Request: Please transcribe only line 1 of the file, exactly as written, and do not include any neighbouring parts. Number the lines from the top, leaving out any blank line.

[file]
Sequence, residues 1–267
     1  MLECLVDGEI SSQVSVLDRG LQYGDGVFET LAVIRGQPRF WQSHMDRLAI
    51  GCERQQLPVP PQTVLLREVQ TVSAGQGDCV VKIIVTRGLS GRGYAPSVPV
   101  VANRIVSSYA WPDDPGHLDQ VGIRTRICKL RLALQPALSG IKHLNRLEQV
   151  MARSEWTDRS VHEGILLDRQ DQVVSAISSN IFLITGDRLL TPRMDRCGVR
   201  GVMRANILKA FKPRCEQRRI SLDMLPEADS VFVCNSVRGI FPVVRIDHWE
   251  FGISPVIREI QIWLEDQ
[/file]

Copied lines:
Sequence, residues 1–267